fission

noun
fis·​sion | \ ˈfi-shᵊn How to pronounce fission (audio) , -zhᵊn \

Definition of fission

 (Entry 1 of 2)

1 : a splitting or breaking up into parts
2 : reproduction by spontaneous division of the body into two or more parts each of which grows into a complete organism
3 : the splitting of an atomic nucleus resulting in the release of large amounts of energy

fission

verb
fissioned; fissioning; fissions

Definition of fission (Entry 2 of 2)

intransitive verb

: to undergo fission

transitive verb

: to cause to undergo fission

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Other Words from fission

Noun

fissional \ ˈfi-​shə-​nəl How to pronounce fissional (audio) , -​zhə-​ \ adjective

Examples of fission in a Sentence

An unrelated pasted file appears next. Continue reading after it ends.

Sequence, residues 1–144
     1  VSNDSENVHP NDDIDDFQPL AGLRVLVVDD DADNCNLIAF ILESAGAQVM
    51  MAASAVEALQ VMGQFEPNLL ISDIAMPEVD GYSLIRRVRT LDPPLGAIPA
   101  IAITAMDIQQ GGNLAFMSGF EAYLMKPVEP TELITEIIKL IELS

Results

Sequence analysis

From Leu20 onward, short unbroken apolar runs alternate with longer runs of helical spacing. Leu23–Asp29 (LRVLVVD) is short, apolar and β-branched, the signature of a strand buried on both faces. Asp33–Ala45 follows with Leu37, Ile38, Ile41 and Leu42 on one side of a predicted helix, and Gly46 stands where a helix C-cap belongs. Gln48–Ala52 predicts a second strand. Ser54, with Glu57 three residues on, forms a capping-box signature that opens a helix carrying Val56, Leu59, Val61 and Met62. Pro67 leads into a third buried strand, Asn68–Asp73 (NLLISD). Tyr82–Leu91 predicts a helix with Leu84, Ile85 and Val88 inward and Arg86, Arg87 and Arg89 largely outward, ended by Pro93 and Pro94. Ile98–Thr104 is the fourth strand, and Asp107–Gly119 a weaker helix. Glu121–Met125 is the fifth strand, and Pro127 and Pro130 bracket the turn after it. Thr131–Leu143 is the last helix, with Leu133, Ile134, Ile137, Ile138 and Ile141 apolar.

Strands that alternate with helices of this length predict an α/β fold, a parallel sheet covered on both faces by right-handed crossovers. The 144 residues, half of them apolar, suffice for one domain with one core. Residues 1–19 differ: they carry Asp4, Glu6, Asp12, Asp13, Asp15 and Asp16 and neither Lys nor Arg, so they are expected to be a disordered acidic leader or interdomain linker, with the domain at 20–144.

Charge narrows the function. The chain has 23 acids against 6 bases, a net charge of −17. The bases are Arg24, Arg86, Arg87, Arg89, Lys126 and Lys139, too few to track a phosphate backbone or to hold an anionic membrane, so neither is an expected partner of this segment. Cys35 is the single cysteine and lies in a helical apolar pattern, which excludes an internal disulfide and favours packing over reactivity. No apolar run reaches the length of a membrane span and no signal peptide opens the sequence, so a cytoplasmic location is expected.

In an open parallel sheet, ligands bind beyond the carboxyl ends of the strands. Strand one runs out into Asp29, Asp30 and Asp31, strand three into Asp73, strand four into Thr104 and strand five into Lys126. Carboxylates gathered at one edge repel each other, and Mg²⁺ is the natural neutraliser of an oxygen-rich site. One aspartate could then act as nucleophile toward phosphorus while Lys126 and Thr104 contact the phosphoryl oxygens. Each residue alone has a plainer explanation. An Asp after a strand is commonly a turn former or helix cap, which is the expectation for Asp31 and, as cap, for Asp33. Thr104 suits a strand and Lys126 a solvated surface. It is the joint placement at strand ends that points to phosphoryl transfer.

Recent Examples on the Web: Noun Only uranium-235 can sustain the fission reaction that makes nuclear reactors tick, so turning the ore into usable fuel requires separating the uranium-238 out in a process called enrichment. Daniel Oberhaus, Wired, "Recycled Nuclear Waste Will Power a New Reactor," 27 Feb. 2020 It was allowed to keep 5,000 centrifuges to separate the uranium-235 isotope needed to induce a fission chain reaction. Jonathan Tirone | Bloomberg, Washington Post, "Iran’s Nuclear Program," 15 Nov. 2019 When the earthquake was detected, the active reactors automatically shut down their fission reactions. Courtney Linder, Popular Mechanics, "Russia is Sailing a 'Floating Chernobyl' Into the Arctic," 26 Aug. 2019 Excited by the theoretical frontiers opened by wartime research on nuclear fission, Dyson returned to Cambridge and concentrated on becoming a physicist. George Johnson, SFChronicle.com, "Freeman Dyson, physicist who wrestled with moral questions, dies," 29 Feb. 2020 In 1938, German chemists Otto Hahn and Fritz Strassmann discovered nuclear fission by splitting the nuclei of uranium into lighter elements. BostonGlobe.com, "In 1777, France recognized American independence.," 18 Dec. 2019 This, therefore, makes the fission theory extremely unlikely. Robert Forster, Washington Post, "Robin Brett, NASA scientist who studied ‘moon rocks,’ dies at 84," 24 Oct. 2019 Oklo’s Aurora advanced fission reactor would be able to produce 1.5 megawatts of power without needing to refuel, and also has the ability to turn nuclear waste into zero-carbon energy. Josh Siegel, Washington Examiner, "Daily on Energy: A coal-state Republican energy regulator tells the fossil fuel industry it will need to adapt," 18 Mar. 2020 Fusion reactions can’t snowball out of control if a reactor breaks, as existing fission nuclear reactors can; without the required heat and pressure to sustain it, fusion would just stop. Daniel Michaels, WSJ, "Fusion Startups Step In to Realize Decades-Old Clean Power Dream," 6 Feb. 2020 Recent Examples on the Web: Verb The point is that by analyzing the array of radioactive fission products – those that can be captured and analyzed – nuclear forensic specialists can start to figure out if the atoms that fissioned were U-235, Pu-239, or (in some cases) U-238. Andrew Karam, Popular Mechanics, "Nuclear Forensics: How Scientists Can Tell Whether North Korea Is Lying About Its Bomb Test," 7 Jan. 2016 Anyone can see that fissioning uranium 235 or plutonium can be used to generate electricity. Scientific American, "Readers Respond to the January 2018 Issue," 1 Jan. 2018